Clark County flu numbers lower than last year, still widespread

Clark County flu numbers lower than last year, still widespread

More Clark County residents are going to the emergency room with flu-like symptoms than the past five-year average, according to data from the Clark County Combined Health District, but fewer residents are being hospitalized.

The data kept by the CCCHD also shows there is typically a slight increase in flu hospitalizations in the beginning of February and health officials are warning residents to take precautions.

“Right now we are in widespread activity for influenza across Ohio,” health commissioner Charles Patterson said. “If we look across the nation, Ohio is one of many states that does have widespread flu activity and it’s not too late for people to get a flu shot.”

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The flu targets everyone, but the youngest and people over the age of 65 have a larger threat of being hospitalized, said Clark County Combined Health District Epidemiologist Anna Jean Petroff.

“Twenty-seven percent of people hospitalized are 65 to 79 years old,” she said.

Meanwhile, 19 percent of Clark County residents hospitalized were 5 years old or younger, according to the data.

And while the flu is still serious in the county, this year’s numbers are lower than last years.

“At this time of this report, we had 27 cases of influenza hospitalizations,” Petroff said. “Last year, that number was a lot higher. Last year was a big year.”

Patterson said the health district began to see more flu hospitalizations around the holiday season, which is common. The trend is expected to last throughout the winter, he said.

“We are continuing to see widespread flu activity throughout the first three weeks of January,” Patterson said. “We expect this to continue over the next few weeks hoping that it will wane sooner rather than later.”

Residents are still encouraged to get their flu shot if they haven’t already.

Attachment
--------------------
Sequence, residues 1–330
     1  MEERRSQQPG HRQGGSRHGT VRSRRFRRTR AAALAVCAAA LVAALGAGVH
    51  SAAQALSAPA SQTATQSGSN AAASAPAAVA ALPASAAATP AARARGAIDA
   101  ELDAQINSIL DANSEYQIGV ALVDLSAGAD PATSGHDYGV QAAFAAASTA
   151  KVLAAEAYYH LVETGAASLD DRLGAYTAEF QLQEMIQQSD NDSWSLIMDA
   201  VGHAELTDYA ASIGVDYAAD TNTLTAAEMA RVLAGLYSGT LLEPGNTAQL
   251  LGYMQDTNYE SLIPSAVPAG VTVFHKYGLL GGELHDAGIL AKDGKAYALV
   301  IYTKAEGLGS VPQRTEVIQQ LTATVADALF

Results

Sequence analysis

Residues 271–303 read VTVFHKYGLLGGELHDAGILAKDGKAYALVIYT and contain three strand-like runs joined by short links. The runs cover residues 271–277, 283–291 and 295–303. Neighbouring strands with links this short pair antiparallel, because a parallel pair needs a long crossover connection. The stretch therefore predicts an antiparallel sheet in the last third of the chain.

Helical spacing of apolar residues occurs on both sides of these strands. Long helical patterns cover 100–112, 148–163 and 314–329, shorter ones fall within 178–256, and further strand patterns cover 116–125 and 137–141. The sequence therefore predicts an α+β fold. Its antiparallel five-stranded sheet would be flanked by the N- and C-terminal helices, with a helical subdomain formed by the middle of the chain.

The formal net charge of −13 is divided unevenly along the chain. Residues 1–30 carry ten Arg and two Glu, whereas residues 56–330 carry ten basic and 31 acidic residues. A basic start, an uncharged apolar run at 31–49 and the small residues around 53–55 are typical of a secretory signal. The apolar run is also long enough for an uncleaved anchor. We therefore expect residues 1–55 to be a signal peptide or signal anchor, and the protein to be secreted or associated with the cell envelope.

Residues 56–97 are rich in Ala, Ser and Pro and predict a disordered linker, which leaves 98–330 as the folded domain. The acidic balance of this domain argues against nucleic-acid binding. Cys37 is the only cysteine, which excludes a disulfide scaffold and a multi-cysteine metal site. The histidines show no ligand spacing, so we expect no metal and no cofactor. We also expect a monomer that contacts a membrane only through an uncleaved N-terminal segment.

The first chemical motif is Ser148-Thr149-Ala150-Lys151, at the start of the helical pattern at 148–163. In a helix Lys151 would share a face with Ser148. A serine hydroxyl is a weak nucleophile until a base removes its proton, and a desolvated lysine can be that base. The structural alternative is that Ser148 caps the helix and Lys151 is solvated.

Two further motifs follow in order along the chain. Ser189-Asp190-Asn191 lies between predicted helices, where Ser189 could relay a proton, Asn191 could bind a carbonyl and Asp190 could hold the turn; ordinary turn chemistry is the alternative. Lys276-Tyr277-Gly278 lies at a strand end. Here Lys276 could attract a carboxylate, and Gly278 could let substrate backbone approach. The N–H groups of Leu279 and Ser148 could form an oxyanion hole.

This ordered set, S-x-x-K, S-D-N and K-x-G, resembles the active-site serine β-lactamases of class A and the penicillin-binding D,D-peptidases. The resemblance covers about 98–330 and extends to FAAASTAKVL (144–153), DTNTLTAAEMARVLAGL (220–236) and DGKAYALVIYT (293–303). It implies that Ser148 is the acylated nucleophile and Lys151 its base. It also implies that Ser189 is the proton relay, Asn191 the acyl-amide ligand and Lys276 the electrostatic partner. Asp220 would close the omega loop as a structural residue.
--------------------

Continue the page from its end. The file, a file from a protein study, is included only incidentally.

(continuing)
“The strain we are seeing circulating our community is very well matched to the flu shot,” he said. “We still encourage people to get those flu shots and there is still time to protect yourself.”

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Residents contacted the Springfield News-Sun this week wondering if the county was out of flu shots because their physician told them they didn’t have any at their office. Patterson said there are plenty of flu vaccines left and available.

“If your physician doesn’t have the flu vaccine that probably means they ordered it for the season and used the ones they have,” he said. “It’s tough to reorder because if you end up not giving those you end up eating the cost of those vaccines.

“But I would tell you there is plenty more vaccine available,” Patterson said.

Vaccines are available at pharmacies, doctors offices and local health districts, Patterson said.

The flu is an upper repository illness and symptoms include pressure in your head and chest, Patterson said, along with a high fever. Vomiting can occur too.

If someone gets sick, the best thing they can do is stay home and tend to their health.

“If you cough or sneeze, you can easily spread that to other individuals,” Patterson said. “If you are unable to control the symptoms and you have shortness of breath, you need to follow up with your physician immediately.”

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